Paper ID: | 3435 |
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Title: | Cross-Spectral Factor Analysis |

The authors propose a method called Cross-Spectral Factor Analysis that decomposes obserfved local field potentials (LFPs) into interacting functional connectomes, called Electomes defined by differing spatiotemporal properties. They then use Gaussian process theory to model interactions between these coherence patterns in a way that may reveal dynamic interaction of the different regions of the brain at mesoscale.
This approach is interesting in that it provides a way to rigorously model differing regions LFPs at a scale not readily accessible by certain other modalities such as fMRI or EEG.
The presentation is generally clear and the overall approach is well motivated with good premise. The approach is fairly standard from a modeling and learning perspective, although the authors have good insight into applicability of these techniques to simulataneous LFP analysis.
The authors do no offer any real interpretation of the results of the method, and perhaps this is natural given that no effective ground truth is known. At a minimum it would seem that more detail could be given on the stability or robustness of the derived Electomes and this should be expanded particularly for publication.

The paper considers the problem of performing dimensionality reduction for Local Field Potential (LFP) signals that are often used in the field of neuroscience. The authors propose a factor analysis approach (CSFA), where the latent variables are stationary Gaussian Processes that are able to capture correlations between different channels.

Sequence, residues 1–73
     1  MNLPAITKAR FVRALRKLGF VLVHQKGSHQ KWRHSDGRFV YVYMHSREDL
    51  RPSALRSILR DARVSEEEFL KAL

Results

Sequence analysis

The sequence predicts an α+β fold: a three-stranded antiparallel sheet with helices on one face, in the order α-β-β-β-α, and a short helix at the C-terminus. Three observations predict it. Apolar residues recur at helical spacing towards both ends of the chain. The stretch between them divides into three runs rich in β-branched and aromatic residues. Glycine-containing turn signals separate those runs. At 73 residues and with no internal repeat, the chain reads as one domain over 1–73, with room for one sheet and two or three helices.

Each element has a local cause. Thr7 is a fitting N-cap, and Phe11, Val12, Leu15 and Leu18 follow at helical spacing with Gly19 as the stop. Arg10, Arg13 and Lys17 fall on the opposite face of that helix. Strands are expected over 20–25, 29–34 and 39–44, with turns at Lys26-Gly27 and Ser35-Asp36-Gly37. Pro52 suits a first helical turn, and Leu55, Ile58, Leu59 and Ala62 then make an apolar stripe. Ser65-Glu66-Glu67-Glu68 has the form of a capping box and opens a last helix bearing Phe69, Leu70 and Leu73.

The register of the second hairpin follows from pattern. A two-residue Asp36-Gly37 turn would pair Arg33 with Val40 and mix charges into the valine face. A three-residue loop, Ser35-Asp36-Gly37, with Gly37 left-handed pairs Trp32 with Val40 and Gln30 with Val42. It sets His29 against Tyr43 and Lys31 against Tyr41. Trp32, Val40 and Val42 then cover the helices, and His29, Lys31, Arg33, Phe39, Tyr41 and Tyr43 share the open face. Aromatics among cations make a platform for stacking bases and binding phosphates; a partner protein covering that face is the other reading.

The parameters of the factor analysis (i.e. factor scores s_w, for w=1...W) can then be optimised along with the kernel parameters \Theta, by maximising the marginal likelihood. For that purpose the authors employ a resilient backpropagation approach. A discriminative approach is also presented (dCSFA), where the goal is to optimise a heuristic that relies on both the GP marginal likelihood and the loss function for the classification.
Although I feel that the findings of the paper could be valuable for the field of neuroscience, I think that some claims regarding the underlying theory are not sufficiently supported. Most importantly, it is not clear why the maximisation of the likelihood in Equation (6) would not be prone to overfitting. It is claimed that "the low-rank structures on the coregionalization matrices dramatically ameliorate overfitting", but it is not clear how this low rank is imposed.
Minor Comments:
The naming of the variables in the equations is not very consistent, and that could create confusion.
For example:
Equation (2): \tau is not introduced
line 124: C is not introduced (the number of channels, I presume)
y_w is presented as a function of either x or t (since we have time-series, having t everywhere would make sense)